Vassalboro trash hauler Tom Richards attended the Aug. 23 Vassalboro selectmen’s meeting to ask what he should tell his customers about the future of recycling as the town waits for the new Fiberight trash facility, in Hampden, to open.
Selectmen said tell them steady as you go until everyone figures out what’s going to happen. That means, board member John Melrose amplified, continue to separate and flatten cardboard and continue with single-stream recycling.
Town Manager Mary Sabins and Selectboard Chairman Lauchlin Titus were among municipal officials who took advantage of Fiberight’s invitation to visit the new plant. They agreed it’s big.
Opening date is still in question. So are recycling plans, especially since the international recycling market has tanked now that the People’s Republic of China has practically stopped taking recyclables.
Fiberight has not set final tipping fees for solid waste or for recyclables. Titus expects Fiberight will charge lower fees for recyclables, but because Vassalboro does not compact them, trucking will be less efficient and more expensive than for solid waste.
- Some years ago, Sabins remembered, selectmen commissioned an engineering study on adding a second compactor for recyclable materials. They learned providing space would require an expensive redesign of the facility.
“We’re all in transition,” Titus told Richards, promising to share information his customers can use when the selectmen have any.
Audience member Melissa Olson suggested adding recycling instructions to the Vassalboro website. Transfer station Manager George Hamar thought it a good idea once Fiberight supplies information.
Hamar raised another transfer station issue, asking for and getting permission to sell two no-longer-used metal containers for $400 each. The income, he said, would cover the increase in the price of the new roll-off container voters authorized at the June town meeting.
In other business Aug. 23, Melrose had done research on the East Vassalboro park and adjacent lot with the former schoolhouse, in response to resident Steve Jones’ offer to donate Fieldstone Garden trees. He said the land once housed the First Baptist Church and the park had been a cemetery; the graves were supposedly moved years ago, but he recommended “some sensitivity about digging there.”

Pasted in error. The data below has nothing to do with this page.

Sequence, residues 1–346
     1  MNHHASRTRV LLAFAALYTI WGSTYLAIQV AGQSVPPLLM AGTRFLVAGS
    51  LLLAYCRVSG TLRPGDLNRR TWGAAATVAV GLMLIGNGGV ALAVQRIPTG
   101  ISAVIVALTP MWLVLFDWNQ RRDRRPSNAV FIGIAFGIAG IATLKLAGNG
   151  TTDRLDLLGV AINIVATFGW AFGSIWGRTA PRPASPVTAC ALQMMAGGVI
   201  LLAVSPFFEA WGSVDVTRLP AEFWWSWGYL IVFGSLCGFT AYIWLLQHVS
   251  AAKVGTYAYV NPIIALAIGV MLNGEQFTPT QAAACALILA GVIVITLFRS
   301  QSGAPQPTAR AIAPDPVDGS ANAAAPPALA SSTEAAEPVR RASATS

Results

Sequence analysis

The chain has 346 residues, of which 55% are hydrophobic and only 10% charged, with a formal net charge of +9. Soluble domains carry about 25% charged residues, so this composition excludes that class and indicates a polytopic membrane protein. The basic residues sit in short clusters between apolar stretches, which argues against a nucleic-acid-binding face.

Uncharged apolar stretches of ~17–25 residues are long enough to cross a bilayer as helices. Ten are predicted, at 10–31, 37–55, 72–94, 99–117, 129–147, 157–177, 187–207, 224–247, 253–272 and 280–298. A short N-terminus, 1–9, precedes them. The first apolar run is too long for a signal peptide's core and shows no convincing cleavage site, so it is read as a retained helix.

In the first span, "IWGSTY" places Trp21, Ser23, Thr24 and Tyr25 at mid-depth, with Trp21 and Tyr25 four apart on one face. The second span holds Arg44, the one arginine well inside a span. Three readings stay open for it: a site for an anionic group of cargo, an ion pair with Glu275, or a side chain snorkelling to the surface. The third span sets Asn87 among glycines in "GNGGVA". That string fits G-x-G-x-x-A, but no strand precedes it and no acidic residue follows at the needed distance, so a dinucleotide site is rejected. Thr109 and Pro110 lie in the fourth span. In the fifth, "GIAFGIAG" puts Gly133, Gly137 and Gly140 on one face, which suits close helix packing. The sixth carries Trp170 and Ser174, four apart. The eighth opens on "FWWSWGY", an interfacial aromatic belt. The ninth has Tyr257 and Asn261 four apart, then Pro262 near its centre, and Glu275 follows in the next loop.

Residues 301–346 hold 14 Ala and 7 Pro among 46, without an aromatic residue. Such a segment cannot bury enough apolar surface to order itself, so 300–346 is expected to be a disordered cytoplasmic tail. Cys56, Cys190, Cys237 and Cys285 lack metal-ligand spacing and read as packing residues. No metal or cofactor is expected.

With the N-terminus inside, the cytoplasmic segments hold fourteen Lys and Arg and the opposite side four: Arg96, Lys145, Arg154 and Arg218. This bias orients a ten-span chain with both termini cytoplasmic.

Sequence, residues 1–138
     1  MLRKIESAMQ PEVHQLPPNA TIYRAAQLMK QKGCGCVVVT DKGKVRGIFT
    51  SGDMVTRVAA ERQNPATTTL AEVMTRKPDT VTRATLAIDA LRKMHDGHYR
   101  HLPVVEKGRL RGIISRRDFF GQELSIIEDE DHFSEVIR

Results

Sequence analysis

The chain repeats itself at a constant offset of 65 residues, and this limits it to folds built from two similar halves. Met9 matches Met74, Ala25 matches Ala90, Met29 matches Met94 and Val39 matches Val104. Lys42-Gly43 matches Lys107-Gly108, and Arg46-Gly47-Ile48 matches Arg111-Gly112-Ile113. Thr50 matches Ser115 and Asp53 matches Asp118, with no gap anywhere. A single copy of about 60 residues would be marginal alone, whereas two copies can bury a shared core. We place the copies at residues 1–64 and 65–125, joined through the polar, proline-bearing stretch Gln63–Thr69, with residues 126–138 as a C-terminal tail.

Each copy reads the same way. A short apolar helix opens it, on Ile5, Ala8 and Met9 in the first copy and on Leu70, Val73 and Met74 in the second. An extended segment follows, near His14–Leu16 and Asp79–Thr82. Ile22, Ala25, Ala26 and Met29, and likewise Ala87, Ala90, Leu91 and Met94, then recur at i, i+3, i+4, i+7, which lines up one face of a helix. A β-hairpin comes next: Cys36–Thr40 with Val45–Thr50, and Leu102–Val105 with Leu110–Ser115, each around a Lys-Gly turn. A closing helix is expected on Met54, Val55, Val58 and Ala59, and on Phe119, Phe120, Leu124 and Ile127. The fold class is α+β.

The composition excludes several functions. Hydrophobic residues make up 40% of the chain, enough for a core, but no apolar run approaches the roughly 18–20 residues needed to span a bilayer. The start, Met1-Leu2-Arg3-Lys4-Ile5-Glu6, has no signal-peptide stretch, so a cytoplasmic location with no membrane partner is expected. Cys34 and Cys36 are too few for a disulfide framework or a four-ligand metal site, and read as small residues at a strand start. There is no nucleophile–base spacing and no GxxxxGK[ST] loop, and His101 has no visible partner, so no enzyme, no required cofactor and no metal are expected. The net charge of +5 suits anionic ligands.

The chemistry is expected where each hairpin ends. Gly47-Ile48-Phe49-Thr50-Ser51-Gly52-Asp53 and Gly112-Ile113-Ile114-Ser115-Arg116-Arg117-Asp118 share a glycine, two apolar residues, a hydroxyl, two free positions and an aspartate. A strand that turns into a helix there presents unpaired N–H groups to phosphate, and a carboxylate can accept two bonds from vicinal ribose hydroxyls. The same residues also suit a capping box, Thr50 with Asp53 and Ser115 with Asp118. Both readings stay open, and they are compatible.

In consultation with the Vassalboro Conservation Commission, the China Region Lakes Alliance and the China head of the LakeSmart Program, Melrose came up with recommendations: remove the fence between the two lots, but not the fence along Outlet Stream; remove dead and dying trees; plant the donated trees between the two lots perpendicular to the road and shore, choosing canopy trees that won’t block the view of the water; and clean up the shoreline consistent with water quality protection rules.
No public money will be spent on the work, Melrose said. All three selectmen approved the project.
Olson and William Pullen are concerned about vehicles driving onto the town land. Selectmen doubted a fence would be an effective deterrent; Melrose suggested a curb and Pullen said trucks would drive over it. Olson also asked for road signs designating South Stanley Hill Road and Stanley Hill Road, to minimize confusion at the four-way intersection with those two roads, Priest Hill Road and Lombard Dam Road. Selectmen asked Sabins to ask Road Foreman Eugene Field to look into the issue. The Aug. 23 meeting was scheduled to begin with a public hearing on a dangerous building situation, because two of the mobile homes in Brock’s Mobile Home Park lacked adequate septic systems. Selectmen accepted Codes Officer Richard Dolby’s recommendation to cancel the hearing, because a new septic system had been designed and was being installed. (ep)
Selectmen expect a progress report at their next meeting, which is set for Thursday evening, Sept. 6.
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